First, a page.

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An actual loss is the total amount of the net loss that an individual or business experiences after taking into consideration all factors that have to do with a transaction. Rather than being a projection or estimate of the loss involved, an actual total loss is calculated using specific criteria and must involve the loss of actual cash, not simply losses posted on paper but not yet realized. This means that while an investor may lose money on shares of stock if the unit price of those stocks should drop, no actual loss occurs until those shares are actually sold and the investor fails to recoup his or her original investment in those shares.
One of the easiest ways to understand what is meant by a total loss is to consider a family vehicle that is stolen and ultimately stripped down by the thieves and sold as scrap. In this scenario, there is no opportunity to repair the vehicle and make it workable again, so the loss to the owner is complete. There is some difference of opinion as to whether the amount of the actual loss is the current market value of the vehicle or the original purchase price. In either case, the fact that the asset is destroyed and nothing can be salvaged from the situation means the owner does experience an actual loss.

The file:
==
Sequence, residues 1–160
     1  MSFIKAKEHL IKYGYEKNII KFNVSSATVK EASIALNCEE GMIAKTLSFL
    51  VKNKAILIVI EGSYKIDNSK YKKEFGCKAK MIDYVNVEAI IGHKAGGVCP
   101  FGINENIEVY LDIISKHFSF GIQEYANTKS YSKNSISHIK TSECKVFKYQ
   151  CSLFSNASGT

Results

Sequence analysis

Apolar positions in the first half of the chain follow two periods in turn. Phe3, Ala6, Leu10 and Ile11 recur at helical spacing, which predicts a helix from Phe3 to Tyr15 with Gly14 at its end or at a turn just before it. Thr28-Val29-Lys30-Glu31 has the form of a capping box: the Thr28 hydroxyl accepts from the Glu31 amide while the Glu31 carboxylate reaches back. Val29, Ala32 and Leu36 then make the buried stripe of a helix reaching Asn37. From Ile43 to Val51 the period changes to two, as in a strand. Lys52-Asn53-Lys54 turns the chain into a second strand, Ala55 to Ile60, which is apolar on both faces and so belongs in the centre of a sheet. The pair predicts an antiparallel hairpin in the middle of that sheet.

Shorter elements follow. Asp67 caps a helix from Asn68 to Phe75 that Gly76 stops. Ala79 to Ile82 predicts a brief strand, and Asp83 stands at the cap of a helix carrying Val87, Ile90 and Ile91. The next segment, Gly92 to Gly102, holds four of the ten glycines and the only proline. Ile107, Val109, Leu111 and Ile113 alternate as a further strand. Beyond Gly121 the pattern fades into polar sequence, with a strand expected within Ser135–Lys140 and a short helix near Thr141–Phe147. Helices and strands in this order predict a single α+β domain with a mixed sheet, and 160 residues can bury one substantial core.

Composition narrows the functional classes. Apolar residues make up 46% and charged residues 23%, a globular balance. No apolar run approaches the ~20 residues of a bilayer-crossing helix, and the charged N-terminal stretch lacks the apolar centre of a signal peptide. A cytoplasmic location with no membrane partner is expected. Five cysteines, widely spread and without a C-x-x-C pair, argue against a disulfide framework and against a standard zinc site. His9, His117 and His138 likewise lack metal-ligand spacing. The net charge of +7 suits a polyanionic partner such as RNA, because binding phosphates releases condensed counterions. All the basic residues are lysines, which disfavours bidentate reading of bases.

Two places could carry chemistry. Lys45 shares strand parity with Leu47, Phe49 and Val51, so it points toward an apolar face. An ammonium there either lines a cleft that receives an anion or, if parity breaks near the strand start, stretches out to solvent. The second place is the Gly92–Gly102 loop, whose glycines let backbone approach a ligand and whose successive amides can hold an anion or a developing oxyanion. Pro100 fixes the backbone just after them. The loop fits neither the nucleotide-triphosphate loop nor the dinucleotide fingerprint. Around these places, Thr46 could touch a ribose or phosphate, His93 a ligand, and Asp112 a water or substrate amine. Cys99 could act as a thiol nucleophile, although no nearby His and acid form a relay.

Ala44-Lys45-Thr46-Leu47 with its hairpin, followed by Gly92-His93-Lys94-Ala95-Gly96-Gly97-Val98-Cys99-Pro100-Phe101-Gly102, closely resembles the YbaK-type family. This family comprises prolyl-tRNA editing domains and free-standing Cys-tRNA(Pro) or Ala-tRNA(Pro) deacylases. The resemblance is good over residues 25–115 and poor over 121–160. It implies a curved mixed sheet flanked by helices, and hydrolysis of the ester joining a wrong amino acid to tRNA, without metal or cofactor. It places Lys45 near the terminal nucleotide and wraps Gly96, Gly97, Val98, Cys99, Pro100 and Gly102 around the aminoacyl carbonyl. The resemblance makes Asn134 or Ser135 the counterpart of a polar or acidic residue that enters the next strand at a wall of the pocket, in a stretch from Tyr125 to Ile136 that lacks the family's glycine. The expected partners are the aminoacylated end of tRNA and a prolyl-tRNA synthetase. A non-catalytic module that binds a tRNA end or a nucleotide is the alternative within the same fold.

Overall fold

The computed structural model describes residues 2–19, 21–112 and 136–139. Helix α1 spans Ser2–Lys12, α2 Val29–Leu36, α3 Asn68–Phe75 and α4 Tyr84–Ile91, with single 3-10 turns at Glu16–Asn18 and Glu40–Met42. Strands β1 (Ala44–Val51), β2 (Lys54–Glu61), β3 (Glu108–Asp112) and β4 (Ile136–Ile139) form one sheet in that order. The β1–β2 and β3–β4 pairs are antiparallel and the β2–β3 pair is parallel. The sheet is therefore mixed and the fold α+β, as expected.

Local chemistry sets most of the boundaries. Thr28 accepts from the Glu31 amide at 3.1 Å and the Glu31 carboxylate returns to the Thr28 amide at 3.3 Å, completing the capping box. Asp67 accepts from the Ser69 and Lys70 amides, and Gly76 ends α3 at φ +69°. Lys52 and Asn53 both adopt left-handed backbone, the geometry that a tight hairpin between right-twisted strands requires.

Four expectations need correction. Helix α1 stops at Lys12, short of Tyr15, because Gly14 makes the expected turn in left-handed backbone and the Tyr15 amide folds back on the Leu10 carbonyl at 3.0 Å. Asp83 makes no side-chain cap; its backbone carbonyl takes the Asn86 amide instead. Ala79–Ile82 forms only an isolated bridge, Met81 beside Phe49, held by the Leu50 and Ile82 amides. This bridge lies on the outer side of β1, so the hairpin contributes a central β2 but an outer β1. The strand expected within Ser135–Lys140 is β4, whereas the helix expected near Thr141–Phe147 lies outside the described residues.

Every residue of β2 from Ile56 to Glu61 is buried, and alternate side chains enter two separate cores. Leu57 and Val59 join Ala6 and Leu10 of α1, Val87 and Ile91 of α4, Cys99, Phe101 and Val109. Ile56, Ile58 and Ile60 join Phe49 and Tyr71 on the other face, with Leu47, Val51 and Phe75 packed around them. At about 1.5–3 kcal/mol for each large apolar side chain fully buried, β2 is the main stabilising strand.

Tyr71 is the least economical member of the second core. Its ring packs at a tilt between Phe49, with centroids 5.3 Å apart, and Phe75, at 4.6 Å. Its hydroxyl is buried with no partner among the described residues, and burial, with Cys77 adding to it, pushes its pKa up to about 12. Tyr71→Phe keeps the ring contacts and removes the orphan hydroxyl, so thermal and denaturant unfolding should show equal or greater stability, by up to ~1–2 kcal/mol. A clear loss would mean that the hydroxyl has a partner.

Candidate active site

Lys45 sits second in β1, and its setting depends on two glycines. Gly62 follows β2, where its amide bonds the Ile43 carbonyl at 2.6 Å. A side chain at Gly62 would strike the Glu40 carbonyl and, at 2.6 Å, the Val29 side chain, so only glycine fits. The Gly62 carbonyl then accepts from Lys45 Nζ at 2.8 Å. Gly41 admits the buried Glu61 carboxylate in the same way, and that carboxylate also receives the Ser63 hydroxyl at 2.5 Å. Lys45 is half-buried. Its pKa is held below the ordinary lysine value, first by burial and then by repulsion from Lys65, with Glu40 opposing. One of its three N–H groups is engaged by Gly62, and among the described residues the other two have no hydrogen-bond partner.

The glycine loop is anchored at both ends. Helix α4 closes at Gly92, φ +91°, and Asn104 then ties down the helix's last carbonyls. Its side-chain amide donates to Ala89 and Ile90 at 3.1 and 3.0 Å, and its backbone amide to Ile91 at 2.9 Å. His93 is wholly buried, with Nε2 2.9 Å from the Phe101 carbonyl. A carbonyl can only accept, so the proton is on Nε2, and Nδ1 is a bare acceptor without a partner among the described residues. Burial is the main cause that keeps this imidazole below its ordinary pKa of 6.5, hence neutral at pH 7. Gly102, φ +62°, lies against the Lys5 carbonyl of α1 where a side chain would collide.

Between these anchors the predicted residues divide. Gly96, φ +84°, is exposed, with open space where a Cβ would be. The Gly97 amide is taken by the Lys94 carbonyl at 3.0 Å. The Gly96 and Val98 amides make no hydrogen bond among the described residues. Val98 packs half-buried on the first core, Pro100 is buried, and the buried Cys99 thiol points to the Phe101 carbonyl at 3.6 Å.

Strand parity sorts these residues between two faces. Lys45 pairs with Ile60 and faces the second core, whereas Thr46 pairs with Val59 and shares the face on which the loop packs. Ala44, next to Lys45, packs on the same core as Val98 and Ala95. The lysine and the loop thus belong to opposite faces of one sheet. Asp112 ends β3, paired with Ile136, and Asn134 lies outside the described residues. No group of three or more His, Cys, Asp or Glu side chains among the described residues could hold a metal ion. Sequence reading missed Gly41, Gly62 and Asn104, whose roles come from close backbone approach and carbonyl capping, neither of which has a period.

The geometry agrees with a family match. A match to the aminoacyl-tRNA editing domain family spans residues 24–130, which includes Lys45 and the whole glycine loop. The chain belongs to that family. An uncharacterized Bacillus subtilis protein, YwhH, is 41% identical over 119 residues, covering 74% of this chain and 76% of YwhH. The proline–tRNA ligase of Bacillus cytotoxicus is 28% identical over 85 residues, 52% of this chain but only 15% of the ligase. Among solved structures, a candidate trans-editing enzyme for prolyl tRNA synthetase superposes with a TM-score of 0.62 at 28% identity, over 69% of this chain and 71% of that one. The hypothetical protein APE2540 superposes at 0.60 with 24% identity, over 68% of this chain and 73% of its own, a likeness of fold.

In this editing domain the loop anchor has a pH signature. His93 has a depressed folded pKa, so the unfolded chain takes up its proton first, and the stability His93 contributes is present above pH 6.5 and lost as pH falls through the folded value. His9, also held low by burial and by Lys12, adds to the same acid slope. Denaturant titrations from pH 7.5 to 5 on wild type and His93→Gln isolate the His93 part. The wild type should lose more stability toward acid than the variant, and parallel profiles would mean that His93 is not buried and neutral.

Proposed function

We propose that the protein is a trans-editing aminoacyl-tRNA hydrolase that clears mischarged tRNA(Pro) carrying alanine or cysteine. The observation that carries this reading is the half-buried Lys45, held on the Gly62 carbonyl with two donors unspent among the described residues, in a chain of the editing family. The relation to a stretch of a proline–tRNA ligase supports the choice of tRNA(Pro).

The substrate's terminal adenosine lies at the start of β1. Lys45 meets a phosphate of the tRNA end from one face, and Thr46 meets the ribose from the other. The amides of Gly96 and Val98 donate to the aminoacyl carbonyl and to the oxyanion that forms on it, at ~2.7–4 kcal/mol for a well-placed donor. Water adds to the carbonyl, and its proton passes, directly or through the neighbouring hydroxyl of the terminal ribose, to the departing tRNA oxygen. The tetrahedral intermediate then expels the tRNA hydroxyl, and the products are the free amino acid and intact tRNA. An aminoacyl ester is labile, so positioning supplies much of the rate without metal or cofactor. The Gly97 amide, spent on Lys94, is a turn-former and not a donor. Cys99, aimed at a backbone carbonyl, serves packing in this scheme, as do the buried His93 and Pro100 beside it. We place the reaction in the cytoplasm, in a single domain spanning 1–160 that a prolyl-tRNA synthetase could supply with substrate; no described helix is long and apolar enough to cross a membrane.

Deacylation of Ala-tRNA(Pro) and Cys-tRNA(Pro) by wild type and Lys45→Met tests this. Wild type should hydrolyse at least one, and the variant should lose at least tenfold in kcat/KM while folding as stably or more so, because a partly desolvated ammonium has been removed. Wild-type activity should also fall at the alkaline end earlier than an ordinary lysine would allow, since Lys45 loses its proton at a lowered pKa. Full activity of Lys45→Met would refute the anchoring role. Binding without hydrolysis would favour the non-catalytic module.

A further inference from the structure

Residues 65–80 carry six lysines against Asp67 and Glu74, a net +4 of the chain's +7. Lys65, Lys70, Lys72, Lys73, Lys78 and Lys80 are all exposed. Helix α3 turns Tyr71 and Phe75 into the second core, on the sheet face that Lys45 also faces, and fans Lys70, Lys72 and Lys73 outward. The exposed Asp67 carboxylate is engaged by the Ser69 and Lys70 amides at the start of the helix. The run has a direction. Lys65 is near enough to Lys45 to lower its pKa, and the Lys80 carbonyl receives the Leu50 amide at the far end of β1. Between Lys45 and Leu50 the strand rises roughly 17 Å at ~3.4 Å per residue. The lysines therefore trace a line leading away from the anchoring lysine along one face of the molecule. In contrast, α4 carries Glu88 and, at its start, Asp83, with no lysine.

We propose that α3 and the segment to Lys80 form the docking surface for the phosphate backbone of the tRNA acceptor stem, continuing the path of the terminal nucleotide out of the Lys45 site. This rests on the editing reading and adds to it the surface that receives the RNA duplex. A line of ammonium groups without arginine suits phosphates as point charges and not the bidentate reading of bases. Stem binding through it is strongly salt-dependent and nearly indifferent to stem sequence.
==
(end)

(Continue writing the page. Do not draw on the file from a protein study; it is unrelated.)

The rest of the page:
When it comes to an actual loss sustained, identifying the amount of that loss usually involves taking into consideration factors such as shifts in the economy that may have some impact on the value, either during a recession or a period of inflation. Any small revenue that could be generated from the asset would also be used to offset the total amount of actual loss. Using the example of the stolen car, if the vehicle were recovered but it was determined that it would take more to repair the car than it was worth, what is left of the vehicle may be sold for scrap, and the proceeds from that sale would be deducted from the fair market value of the car before it was stolen.
The underlying purpose of calculating actual loss is to accurately determine what type of loss, if any, is sustained when selling an asset. Companies will normally calculate this type of loss when selling real estate or other types of assets as part of the shutdown of the company, or as a means of downsizing the business in an attempt to remain operational. In like manner, individuals may seek to determine the actual loss incurred when selling homes if the current market value has fallen below the current balances owed on the mortgages associated with those properties.
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